Most people are neither aware nor fond of the term hackathon. To many it brings an image of pro-70’s hipster-type beard-ridden, sandal-wearing people sitting together in a dark room, usually underfed, typically over-enthusiastic and speaking in incomprehensible lingo about unfamiliar concepts.
That’s all I could think about when I was asked to attend Code4GoodLK, a showdown of local tech-talent that took place at the WSO2. And boy, am I glad I decided to put my preconceived notions aside.
What is Code4Good?
In a nutshell, it pits the Civil Society Organizations and the Information Communication Technology teams of the country together and helps them explore different solutions to a variety of problems faced by the public.
When Did It Happen?
The final pitching round from all participating teams happened last Sunday (20) at 3 pm. 3.20 pm, to be precise, as getting all the participating teams into the same room proved to be quite the task.
As the name implies, C4G is a platform where technical prowess is used to tackle social issues on various scales. Add the hackathon concept into the picture and you have #C4GLK, old issues being tackled with the fresh solutions aided by bleeding edge technology.
What is a Hackathon?
A simple Google query will tell you that a hackathon is “an event, in which a large number of people meet to engage in collaborative computer programming”. What they forget to mention, however, is the passion aspect. This is not just ‘some’ large number of people, there were 21 teams made up of creative and talented minds that have the passion to make a positive impact, and that’s exactly what they demonstrated.
Who Took Part in Code4Good?
Of the 20 teams that were present to pitch their ideas, some really stood out from the crowd, with their approach to issues and the way they presented the whole package to the audience.
The presentation aspect was the cherry on top for their proposed product. With their main focus on parliamentary accountability, they managed to incorporate facial expression reading and implemented a unique way of posting ads in real-time.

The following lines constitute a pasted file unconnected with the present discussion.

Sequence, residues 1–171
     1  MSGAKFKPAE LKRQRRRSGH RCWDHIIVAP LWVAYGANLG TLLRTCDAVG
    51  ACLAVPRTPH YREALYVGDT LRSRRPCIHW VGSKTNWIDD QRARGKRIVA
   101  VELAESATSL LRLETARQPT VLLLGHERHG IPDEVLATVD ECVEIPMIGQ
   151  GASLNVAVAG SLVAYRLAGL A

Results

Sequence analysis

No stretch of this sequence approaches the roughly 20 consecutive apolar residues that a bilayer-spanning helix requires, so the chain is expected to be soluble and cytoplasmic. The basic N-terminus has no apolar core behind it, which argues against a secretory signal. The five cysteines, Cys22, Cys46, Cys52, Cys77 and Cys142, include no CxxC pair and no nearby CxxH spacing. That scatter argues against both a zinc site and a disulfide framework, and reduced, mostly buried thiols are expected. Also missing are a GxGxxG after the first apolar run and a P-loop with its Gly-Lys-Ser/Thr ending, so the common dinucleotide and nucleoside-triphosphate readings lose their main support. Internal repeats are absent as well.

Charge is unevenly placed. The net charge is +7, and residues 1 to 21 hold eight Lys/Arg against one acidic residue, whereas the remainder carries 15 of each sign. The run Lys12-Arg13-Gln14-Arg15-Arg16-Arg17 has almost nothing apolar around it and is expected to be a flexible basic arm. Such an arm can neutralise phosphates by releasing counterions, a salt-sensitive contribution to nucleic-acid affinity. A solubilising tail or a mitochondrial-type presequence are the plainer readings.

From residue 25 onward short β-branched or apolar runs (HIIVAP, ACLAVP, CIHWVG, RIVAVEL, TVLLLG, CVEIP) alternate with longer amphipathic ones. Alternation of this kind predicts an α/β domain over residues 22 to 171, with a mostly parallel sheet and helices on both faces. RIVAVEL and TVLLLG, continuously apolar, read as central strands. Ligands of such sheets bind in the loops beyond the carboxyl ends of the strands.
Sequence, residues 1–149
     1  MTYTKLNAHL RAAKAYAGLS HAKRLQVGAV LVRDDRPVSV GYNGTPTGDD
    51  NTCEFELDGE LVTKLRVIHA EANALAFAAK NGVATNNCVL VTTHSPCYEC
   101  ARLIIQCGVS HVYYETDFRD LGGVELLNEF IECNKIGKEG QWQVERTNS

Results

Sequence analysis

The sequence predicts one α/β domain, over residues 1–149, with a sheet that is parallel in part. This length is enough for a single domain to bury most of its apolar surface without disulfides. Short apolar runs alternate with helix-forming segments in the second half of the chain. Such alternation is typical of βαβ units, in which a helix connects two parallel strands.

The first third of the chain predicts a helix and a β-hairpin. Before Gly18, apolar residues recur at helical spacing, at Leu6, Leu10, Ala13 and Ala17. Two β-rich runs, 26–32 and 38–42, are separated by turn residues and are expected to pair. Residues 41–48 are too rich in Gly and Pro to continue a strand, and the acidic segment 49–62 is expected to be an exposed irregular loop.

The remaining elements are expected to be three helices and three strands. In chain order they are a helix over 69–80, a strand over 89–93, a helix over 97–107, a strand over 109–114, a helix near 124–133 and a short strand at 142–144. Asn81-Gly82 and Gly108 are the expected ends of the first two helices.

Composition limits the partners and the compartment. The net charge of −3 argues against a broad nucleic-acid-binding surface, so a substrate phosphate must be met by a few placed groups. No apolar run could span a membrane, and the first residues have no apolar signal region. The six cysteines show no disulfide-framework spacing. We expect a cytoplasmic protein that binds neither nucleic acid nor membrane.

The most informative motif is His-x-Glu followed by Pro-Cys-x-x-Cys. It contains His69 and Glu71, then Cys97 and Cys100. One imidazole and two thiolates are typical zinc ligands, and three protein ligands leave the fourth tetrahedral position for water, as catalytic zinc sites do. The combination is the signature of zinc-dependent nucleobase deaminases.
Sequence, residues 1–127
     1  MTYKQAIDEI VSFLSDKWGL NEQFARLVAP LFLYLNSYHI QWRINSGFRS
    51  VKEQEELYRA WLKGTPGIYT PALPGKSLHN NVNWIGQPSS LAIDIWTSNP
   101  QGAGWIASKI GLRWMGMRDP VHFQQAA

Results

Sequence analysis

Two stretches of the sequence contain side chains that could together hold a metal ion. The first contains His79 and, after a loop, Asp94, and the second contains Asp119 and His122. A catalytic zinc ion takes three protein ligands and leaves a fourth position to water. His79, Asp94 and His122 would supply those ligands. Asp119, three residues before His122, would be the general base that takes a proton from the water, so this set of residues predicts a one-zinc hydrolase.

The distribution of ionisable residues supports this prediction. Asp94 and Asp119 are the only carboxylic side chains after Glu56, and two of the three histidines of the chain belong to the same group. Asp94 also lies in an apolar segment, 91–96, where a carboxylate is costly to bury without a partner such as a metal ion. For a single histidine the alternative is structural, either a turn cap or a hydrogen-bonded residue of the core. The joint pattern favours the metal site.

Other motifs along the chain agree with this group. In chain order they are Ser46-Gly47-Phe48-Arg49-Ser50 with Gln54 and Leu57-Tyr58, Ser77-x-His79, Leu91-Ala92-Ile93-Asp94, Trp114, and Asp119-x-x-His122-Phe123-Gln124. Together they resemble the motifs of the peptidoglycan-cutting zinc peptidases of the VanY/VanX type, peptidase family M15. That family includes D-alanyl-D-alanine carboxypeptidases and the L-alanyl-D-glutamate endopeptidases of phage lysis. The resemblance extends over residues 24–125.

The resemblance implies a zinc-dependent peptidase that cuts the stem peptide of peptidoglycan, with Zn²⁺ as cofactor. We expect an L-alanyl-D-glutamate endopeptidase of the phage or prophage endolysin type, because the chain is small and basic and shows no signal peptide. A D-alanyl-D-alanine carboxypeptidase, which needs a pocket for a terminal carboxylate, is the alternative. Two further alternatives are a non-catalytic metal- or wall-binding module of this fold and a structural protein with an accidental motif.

Team Sas Ninjas
Their main focus was on promoting volunteerism within the country, but what really set them apart was the incorporation of augmented reality to scope out volunteer opportunities in the nearby areas.
Team Shilpa Sayura
Although an interesting concept, their setback was in execution. As the name suggests, this is a project that revolves around fisheries with the end-target of SS enabling fishermen to put their wares out in the market even before they reach the shore.
Hate-speech is one negative aspect that is making its presence known with the wide spread of social media. Apart from a solution to document and monitor such trends via crowd-sourcing, a strong-point of Team Fsociety’s proposal was its ability to conduct a trend analysis of online hate speech.
Team Breaking-Code came out on top with their platform that opened up direct communication lines between the general public and the government. Accountability of those with the authority was the selling point for these guys, at least I was sold by it.
What happens to these winners?
Team Breaking-Code, the overall winner of the hackathon, were treated to Rs.100k worth of prizes, with consolation prizes being awarded to the runners-up, namely, Team Heroes And Zeroes, SAS Ninjas, and three further teams being entered into the incubation process: Team Bitmasters, Team Hexmatters/Rush and Team Pending.
Apart from prizes, all participating teams now have the opportunity to continue on their prototypes, as Sam De Silva, an organizer for the event pointed out after announcing the winners. The winners will now enter an incubation process involving mentors and industry experts who will then help them fine-tune their product in preparation for the final round of Code4Good.
Late October/early November will see the final contestants pitching their tweaked products to investors and donors at the Social Impact Demo Day.